Back when I was a full-time academic, I swear we held meetings simply for the purpose of scheduling more meetings. That seems to be what’s happening with international climate change negotiations: each round of talks since Bali in 2007 seems to degenerate into a punting of major issues to the next round. This week, delegates have gathered in Durban, South Africa to discuss a global response to climate change, and some representatives of smaller countries most affected by global warming think it’s time for new tactics. In short, they’re talking about an “occupation” of the meetings.
When you think of international leadership towards a green economy, countries in Europe and Asia probably first come to mind: Germany’s leading the pack in terms of implementing clean technology, and China’s right there in terms of manufacturing it (even though it has a ways to go with its own environmental challenges). You might have a tough time thinking of an African nation contributing to the concept of economic growth through environmentally benign practices… and yet, according to a new report from the United Nations Environment Programme, nations such as South Africa and Kenya are creating green economic models that could serve as templates for other countries, both developing and developed.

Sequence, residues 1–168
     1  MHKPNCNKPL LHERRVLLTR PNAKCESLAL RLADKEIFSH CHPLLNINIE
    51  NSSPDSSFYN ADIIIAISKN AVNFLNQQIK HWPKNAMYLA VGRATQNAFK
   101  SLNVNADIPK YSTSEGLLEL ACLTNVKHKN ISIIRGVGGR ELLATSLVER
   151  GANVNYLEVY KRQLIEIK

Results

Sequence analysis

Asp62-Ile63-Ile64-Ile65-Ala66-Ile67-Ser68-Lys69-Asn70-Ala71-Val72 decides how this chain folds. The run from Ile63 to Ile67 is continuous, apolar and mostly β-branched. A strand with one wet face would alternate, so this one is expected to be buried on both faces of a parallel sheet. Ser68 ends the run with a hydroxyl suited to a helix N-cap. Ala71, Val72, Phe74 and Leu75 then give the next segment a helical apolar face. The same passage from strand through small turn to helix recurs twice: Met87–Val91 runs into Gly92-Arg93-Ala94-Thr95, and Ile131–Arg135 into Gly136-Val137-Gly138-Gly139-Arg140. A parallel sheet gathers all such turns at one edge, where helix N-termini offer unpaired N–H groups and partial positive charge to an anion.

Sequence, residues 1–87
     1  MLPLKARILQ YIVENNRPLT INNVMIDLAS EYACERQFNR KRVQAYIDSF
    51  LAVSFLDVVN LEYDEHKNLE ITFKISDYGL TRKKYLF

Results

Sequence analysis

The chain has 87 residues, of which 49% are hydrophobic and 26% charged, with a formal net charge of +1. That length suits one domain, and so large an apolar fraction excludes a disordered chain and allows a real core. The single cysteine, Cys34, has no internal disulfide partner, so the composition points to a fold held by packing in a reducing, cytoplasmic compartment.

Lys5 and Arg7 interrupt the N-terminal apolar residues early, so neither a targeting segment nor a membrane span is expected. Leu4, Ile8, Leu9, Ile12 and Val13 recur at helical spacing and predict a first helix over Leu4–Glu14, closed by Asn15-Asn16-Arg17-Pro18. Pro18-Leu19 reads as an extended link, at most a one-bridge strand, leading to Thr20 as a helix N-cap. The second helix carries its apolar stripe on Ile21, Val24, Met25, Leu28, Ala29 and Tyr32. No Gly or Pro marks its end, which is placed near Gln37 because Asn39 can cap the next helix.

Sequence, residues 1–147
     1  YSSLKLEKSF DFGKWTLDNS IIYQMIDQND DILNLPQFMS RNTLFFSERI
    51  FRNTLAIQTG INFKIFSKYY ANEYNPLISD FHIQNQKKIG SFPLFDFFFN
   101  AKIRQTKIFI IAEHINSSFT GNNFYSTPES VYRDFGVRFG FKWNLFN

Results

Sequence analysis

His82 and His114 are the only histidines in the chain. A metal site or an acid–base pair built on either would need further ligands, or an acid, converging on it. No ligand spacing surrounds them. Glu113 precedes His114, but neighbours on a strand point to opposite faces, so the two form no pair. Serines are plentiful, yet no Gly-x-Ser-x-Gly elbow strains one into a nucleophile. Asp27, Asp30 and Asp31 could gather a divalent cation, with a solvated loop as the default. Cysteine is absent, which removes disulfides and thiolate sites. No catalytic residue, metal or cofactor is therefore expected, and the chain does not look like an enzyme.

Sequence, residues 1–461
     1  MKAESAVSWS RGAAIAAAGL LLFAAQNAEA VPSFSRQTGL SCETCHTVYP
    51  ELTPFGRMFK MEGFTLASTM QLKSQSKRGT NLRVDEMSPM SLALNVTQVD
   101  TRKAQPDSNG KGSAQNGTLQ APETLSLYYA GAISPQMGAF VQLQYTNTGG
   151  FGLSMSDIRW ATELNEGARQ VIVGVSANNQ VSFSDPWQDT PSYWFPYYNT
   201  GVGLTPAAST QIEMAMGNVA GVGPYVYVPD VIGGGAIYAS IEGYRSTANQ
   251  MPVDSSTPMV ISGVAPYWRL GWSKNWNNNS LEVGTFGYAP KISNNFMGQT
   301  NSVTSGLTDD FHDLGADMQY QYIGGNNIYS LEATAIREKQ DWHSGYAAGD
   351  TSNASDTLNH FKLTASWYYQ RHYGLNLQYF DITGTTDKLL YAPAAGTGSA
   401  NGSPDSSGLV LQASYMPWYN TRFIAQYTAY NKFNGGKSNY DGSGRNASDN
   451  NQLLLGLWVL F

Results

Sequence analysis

Last Summer’s World Cup may seem like a distant memory, but if you really got into the South African soccer-fest, you may still have a vuvuzela laying around the house. You’re not alone: according to Triplepundit, sales of these plastic noise horns reportedly reached 20,000 per day during the football frenzy.
Now that the party’s over, what can you do with that vuvuzela… besides tossing it?